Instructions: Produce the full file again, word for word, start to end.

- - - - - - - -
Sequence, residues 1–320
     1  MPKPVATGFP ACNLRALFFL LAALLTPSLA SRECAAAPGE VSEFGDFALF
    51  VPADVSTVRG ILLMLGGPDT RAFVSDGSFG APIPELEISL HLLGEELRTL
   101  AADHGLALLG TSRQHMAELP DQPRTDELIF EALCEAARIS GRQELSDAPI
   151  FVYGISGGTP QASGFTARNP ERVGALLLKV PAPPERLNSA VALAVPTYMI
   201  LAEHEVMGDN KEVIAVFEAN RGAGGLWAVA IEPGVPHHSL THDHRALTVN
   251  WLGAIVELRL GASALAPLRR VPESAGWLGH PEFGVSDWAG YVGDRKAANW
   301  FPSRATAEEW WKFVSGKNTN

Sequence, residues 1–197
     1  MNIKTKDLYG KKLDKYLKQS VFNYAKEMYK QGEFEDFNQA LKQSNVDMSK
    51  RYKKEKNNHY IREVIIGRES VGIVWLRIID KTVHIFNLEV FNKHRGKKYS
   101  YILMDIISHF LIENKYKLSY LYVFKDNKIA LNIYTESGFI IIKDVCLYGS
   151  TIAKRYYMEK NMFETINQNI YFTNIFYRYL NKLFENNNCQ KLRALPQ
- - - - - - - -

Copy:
Sequence, residues 1–320
     1  MPKPVATGFP ACNLRALFFL LAALLTPSLA SRECAAAPGE VSEFGDFALF
    51  VPADVSTVRG ILLMLGGPDT RAFVSDGSFG APIPELEISL HLLGEELRTL
   101  AADHGLALLG TSRQHMAELP DQPRTDELIF EALCEAARIS GRQELSDAPI
   151  FVYGISGGTP QASGFTARNP ERVGALLLKV PAPPERLNSA VALAVPTYMI
   201  LAEHEVMGDN KEVIAVFEAN RGAGGLWAVA IEPGVPHHSL THDHRALTVN
   251  WLGAIVELRL GASALAPLRR VPESAGWLGH PEFGVSDWAG YVGDRKAANW
   301  FPSRATAEEW WKFVSGKNTN

Sequence, residues 1–197
     1  MNIKTKDLYG KKLDKYLKQS VFNYAKEMYK QGEFEDFNQA LKQSNVDMSK
    51  RYKKEKNNHY IREVIIGRES VGIVWLRIID KTVHIFNLEV FNKHRGKKYS
   101  YILMDIISHF LIENKYKLSY LYVFKDNKIA LNIYTESGFI IIKDVCLYGS
   151  TIAKRYYMEK NMFETINQNI YFTNIFYRYL NKLFENNNCQ KLRALPQ